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The financial sector is having heated discussions as regulatory reform emerges as one of Korea’s top national agendas. There is still a long way to go before the discussed ideas materialize as reform. The most difficult task of all is persuading the numerous economic entities with conflicting interests to reach a consensus. Hence, in order for regulatory reform to achieve substantial results, it is necessary to set the fundamental direction first. If consensus is reached about the overall direction, it will be easier to coordinate conflicting interests and maintain momentum. More importantly, it will help the reform be more effective, consistent, and persistent. This article diagnoses the trends in developed nations’ financial reform, and draws out the fundamental direction in which Korea should head. Based on that, I present concrete actions Korea should carry out.

The 2008 global financial crisis triggered considerable changes in financial regulations because it exposed new risks of which regulators were unaware. Indeed, some risk factors unveiled during the crisis were completely unconventional, and this made the case for regulatory reform all the more convincing.

Although new regulations were added and many were modified and strengthened, quite a few regulations remain unchanged. This is an indication that some rules were effective even during the crisis, reflecting the innate constancy of the financial industry. To better grasp the holistic picture of post-crisis financial regulation, it is useful to examine the immutable regulation, together with new and modified ones.


Global trends

In the post-crisis era, many developed countries, e.g., the US, the UK, and the EU nations, changed many regulations by adding new rules and modifying existing ones. The overall post-crisis regulatory reform can be broken down to two elements: one regarding universal banking, and the other about systemic risk. The former restricts banks from operating in-house securities business, and bank-affiliated securities firms from engaging in the high-risk securities business. The latter strengthens prudential regulation on banks, toughens regulation on systemically important financial institutions (SIFIs), and establishes new rules on large private equity funds and OTC derivatives. To sum up, post-crisis regulatory reform attempts to contain moral hazard involved in universal banking and rein in systemic risk.

On the other hand, there are two types of regulation that survived the global financial crisis: one is the regulation of synergy created from universal banking, and the other is the regulation over capital market firms. Overseas financial markets generally allow affiliates to share information and their executives to hold more than one position concurrently within a business group; this remains the same after the crisis for the sake of synergy creation among affiliates. It is worth noting that this came when the separation between banking and securities business grew wider. Also unchanged is the regulation on capital market firms. While new regulations are in place to regulate SIFIs, e.g., large investment banks and private equity funds, other capital market firms are barely subject to the regulatory reform.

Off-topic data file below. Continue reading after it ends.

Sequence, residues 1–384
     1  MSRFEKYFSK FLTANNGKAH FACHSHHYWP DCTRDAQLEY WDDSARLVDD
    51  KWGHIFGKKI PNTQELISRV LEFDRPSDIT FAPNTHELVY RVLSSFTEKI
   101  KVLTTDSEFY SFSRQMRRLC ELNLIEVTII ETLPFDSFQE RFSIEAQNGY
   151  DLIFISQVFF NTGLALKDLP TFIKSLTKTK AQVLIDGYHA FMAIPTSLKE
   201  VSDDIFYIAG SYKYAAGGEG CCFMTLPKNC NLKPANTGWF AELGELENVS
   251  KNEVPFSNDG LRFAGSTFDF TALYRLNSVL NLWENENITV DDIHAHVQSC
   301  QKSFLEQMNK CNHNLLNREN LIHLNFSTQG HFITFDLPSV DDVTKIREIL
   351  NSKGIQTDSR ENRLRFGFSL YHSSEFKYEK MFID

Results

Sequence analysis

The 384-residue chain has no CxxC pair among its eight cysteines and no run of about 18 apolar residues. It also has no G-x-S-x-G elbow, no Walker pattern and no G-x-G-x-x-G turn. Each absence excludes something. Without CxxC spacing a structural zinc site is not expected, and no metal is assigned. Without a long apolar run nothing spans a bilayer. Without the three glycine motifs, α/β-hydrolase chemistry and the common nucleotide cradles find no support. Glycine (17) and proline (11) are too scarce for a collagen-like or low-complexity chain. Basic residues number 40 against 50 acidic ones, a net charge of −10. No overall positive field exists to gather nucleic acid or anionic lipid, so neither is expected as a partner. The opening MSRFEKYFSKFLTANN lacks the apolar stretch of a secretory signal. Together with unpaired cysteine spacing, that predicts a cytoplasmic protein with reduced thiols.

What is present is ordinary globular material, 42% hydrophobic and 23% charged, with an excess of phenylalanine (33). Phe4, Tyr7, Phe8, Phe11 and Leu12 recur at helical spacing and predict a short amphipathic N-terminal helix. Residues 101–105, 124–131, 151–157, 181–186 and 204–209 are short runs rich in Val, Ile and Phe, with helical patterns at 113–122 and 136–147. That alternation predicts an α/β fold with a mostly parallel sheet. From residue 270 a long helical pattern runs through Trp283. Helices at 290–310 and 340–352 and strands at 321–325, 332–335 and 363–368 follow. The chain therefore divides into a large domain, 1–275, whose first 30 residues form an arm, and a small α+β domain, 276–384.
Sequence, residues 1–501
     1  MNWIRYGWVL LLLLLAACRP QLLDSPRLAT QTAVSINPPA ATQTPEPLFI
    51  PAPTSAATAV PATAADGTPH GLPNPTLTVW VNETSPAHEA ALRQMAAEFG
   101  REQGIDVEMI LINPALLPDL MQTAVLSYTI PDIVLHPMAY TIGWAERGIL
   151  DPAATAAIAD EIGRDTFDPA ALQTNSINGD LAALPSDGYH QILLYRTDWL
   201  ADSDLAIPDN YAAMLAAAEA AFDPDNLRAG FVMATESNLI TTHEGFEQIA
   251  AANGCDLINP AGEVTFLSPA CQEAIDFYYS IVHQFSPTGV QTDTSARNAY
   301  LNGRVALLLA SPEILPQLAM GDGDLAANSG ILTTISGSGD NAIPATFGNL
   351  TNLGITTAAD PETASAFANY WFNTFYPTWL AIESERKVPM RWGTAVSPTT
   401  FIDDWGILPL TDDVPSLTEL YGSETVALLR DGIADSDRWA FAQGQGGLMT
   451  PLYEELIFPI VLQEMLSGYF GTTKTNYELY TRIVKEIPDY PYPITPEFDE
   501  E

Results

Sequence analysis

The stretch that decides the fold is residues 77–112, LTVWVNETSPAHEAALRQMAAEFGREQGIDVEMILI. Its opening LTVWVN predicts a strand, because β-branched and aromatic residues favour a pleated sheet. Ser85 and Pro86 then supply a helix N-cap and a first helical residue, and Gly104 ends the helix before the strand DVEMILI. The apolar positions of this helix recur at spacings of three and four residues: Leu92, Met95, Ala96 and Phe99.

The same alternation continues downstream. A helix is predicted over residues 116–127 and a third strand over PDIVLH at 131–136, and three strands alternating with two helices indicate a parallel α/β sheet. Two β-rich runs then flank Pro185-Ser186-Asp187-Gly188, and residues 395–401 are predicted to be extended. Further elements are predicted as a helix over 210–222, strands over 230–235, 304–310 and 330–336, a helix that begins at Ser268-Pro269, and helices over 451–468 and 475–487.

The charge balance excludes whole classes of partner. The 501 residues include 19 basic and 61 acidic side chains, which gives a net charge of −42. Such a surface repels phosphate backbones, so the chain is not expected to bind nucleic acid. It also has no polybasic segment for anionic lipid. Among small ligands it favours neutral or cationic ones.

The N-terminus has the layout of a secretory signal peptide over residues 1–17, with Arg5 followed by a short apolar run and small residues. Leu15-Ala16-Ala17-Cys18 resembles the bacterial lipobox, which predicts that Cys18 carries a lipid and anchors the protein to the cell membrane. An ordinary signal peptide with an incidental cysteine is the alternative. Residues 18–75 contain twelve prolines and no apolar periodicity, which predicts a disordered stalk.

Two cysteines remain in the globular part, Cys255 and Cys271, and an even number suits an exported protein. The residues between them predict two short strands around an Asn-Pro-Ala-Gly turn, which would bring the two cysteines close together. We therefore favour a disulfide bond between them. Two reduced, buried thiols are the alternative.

The aforementioned global regulatory reform reveals the following three trends. First, while trying to contain the risk from banks operating their in-house securities business, the reform leaves room for synergy creation among affiliates. This reflects the policy intention to rein in systemic risk and moral hazard of the universal banking model. But it also acknowledges that banking and securities affiliates should share information and allow for their executives to hold concurrent jobs in order to create synergy. Limiting those two activities would de facto eliminate the benefits of operating banking and securities businesses within one firm.

Second, the regulation to control systemic risk is more stringent. Excessive credit was the primary cause of the recent global financial crisis, and therefore, it is necessary to preemptively contain credit bubbles. This is the rationale behind the strengthening of bank’s prudential regulation, which is related to traditional systemic risk. Another point to note is the recognition during the financial crisis that the capital markets are not completely free from systemic risk. As a result, the coverage of systemic risk regulation was extended to large financial firms and OTC derivatives trading, both of which once sat outside the regulatory boundary.